Distance: 13 km
Heart rate: Zone two
Weather: Minus 3, no wind
Course: Downhill to the half, sharp climb up and then gradual climb back.
So it begins: Project X.
In the north end of Halifax exists a secret laboratory where a lone scientist uses his knowledge to train his charges.
Some call them mutants because they
have long sharp talons, laser vision that can melt objects, can run moderately fast.
Away from the prying eyes of the public,
Professor Charles Xavier Jeffery Zahavich is training a new breed of…runner.
Zahavich approached me several months ago, and recognizing in me the dormant, untapped ability to
run like the human Flash jog slightly faster than an injured turtle, proposed that he help me realize that amazing, turtle-like potential.
Zahavich owns and operates Kinesio Sport Lab, where he offers a combination of personal training and group programs, all of it science-based and providing blood lactate testing, heart rate training, strength and mobility classes and nutrition education. This combination is aimed at athletes of any level who wish to improve and, as several individuals would testify, Zahavich has helped a number of people achieve personal bests.
We’d talked about doing a “Project X” for some time now.
Well, Project X finally arrived today. Zahavich is running a 16-week half-marathon training program incorporating all of the above components and I signed on to test his methods, push myself to train in a methodical and guided way and report back on the results.
If I stick to the plan, will I shatter my PB? I’ve run for seven years now, as a vegetarian am relatively clean about my nutrition, and do some stretching and strength training. That said, I’ve never used heart rate training and am interested to see if it would make much of a difference. Also new this time around is the idea of training by time instead of distance; I’ll run for an hour instead of being told to do “X” distance, for example.
About 10 runners are signed up for the half-marathon program. We gathered at Kinesio this morning to run varying distances in small groups. I found myself with a 23-year-old who runs a 16 minute, five-km and a 39-year-old who hopes to do a 3:10 marathon.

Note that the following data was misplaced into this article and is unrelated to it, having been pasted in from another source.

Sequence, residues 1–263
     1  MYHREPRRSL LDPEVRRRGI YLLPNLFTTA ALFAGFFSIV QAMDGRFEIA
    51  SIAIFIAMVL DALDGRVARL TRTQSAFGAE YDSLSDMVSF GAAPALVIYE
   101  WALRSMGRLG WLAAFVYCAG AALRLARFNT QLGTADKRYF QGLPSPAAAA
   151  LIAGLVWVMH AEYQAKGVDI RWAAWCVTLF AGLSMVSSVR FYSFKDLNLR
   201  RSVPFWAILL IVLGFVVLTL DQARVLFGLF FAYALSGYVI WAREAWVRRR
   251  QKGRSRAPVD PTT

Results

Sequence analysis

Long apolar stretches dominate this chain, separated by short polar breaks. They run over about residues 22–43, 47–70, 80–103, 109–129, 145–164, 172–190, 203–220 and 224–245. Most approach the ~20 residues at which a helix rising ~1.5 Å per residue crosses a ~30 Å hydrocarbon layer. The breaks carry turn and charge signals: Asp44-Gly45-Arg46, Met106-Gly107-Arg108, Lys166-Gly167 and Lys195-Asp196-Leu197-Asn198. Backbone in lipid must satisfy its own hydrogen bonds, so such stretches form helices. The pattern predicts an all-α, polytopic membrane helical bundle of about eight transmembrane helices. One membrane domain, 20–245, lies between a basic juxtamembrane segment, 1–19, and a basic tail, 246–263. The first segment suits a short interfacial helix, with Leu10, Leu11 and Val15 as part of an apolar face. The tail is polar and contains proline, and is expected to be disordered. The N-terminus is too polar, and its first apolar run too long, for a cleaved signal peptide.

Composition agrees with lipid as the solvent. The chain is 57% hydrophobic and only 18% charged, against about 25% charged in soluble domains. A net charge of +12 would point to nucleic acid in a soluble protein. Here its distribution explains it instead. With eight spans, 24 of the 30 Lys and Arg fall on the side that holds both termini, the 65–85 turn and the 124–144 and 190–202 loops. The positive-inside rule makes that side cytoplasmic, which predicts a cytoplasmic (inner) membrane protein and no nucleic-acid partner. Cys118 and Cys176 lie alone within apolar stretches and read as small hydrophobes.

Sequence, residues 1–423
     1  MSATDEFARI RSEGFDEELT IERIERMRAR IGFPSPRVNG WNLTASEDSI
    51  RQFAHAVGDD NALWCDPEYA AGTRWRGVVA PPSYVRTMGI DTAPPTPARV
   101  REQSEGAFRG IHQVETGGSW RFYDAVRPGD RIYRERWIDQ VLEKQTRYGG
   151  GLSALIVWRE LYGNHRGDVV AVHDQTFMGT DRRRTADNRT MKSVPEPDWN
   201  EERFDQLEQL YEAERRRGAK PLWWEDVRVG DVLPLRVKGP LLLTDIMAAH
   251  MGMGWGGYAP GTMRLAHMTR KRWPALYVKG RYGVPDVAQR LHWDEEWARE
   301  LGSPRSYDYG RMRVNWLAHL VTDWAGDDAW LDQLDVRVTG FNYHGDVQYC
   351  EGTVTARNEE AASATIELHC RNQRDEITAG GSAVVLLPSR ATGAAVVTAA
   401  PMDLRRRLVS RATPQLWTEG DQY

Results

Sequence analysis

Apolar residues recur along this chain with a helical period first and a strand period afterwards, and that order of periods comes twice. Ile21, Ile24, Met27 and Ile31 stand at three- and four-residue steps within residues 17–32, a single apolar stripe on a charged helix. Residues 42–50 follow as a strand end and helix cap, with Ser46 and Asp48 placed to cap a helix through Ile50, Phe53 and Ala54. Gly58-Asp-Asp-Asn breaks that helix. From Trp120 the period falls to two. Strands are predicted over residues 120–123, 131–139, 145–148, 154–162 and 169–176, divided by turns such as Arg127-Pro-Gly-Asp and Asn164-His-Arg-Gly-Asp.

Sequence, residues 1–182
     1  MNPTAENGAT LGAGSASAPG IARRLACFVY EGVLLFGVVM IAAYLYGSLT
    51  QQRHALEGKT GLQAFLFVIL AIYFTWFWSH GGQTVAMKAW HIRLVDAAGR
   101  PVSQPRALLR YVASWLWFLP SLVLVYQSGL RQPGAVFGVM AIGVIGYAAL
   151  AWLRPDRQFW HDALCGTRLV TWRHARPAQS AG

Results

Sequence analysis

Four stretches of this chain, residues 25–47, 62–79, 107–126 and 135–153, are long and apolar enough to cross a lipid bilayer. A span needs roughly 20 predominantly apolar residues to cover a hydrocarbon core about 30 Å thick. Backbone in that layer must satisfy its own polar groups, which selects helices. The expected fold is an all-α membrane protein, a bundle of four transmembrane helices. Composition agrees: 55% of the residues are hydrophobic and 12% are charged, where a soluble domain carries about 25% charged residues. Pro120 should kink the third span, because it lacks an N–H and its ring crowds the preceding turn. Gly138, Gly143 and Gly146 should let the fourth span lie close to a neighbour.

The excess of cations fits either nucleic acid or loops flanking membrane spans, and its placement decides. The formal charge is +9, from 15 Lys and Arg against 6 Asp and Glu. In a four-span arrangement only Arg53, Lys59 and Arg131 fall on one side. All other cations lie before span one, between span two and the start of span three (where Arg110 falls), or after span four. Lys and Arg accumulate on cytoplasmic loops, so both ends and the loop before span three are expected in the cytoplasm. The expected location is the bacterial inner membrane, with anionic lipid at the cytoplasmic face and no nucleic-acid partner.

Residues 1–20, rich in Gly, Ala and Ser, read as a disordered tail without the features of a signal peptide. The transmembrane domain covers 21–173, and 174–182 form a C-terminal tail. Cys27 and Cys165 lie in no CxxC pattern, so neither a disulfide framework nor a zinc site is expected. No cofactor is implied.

Another individual in the program is preparing to run one of the Disney events in February.
Today was an easy “zone two” run meant to burn fat and build aerobics. We burnt a little more fat than we meant to when we inadvertently set out in the wrong direction (this was not my fault for once, honest!).
I quickly discovered two basic truths about running on a Sunday morning: One, it is good to eat something other than a gel beforehand; two, a good sleep the night before is not a bad idea.
My suffering was Biblical in proportions. I’m talking unimaginable pain. You hear people talking about “gutting it out” in a race. Half-way through this marathon of endurance (think about that: it’s not just a marathon, but a marthon of endurance!), I summoned up every iota of my physical and mental strength – placing a lot of strain on that single cell – and gutted through that six kilometre mark.
Running that six kilometres was the longest eight hours of my life.
But when I reached Kinesio, the torment wasn’t over – far from it. “We’re going to do some ‘mobility,'” Zahavich said.
Ha. Mobility. That’s what torture is called these days.
“It’s okay to cry,” Zahavich told us as we sank our weight and glutes down on rubber balls and rolled out our quads and IT bands with foam sticks.
But I wouldn’t give him the satisfaction of a single tear.
Better luck next time, scientist, I sneered.
Over the next week, I’ll be completing my heart rate testing (my blood lactate test showed an odd result – should this shock anyone? – so we need to do a bit of extra testing to nail down my results. And I’ll be getting more details on the program itself as well as beginning the first full week.
Watch for a full report next week.